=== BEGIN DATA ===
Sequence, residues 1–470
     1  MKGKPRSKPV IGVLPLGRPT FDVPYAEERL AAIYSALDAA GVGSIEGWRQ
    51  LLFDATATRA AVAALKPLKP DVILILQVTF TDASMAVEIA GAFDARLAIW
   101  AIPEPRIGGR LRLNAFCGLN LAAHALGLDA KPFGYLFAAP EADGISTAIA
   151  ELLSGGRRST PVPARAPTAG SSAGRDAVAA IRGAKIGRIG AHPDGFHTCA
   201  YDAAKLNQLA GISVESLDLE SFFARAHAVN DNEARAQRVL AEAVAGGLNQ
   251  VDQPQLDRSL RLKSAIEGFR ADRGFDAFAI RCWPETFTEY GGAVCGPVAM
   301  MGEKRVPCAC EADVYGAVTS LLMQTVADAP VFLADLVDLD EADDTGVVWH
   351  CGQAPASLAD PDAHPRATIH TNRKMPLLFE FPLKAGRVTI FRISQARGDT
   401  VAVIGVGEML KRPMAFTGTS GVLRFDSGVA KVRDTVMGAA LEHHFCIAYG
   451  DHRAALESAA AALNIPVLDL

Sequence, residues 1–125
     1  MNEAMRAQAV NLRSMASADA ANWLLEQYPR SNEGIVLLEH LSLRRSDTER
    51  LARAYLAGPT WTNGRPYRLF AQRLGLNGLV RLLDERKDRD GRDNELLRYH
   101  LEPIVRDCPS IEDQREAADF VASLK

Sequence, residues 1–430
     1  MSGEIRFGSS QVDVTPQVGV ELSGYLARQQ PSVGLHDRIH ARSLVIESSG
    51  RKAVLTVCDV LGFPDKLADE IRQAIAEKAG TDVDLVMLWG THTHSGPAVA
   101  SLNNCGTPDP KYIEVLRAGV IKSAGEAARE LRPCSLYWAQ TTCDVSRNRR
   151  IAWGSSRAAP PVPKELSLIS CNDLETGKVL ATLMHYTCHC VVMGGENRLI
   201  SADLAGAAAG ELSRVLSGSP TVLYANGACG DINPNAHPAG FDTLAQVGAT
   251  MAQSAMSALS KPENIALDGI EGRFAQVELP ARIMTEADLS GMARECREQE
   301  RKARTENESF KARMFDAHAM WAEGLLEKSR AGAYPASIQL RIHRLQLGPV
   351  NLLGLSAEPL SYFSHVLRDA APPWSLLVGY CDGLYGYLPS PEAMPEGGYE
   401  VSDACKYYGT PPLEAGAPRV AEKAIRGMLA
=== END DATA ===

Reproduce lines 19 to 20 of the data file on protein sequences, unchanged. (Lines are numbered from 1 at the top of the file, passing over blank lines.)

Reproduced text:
   101  SLNNCGTPDP KYIEVLRAGV IKSAGEAARE LRPCSLYWAQ TTCDVSRNRR
   151  IAWGSSRAAP PVPKELSLIS CNDLETGKVL ATLMHYTCHC VVMGGENRLI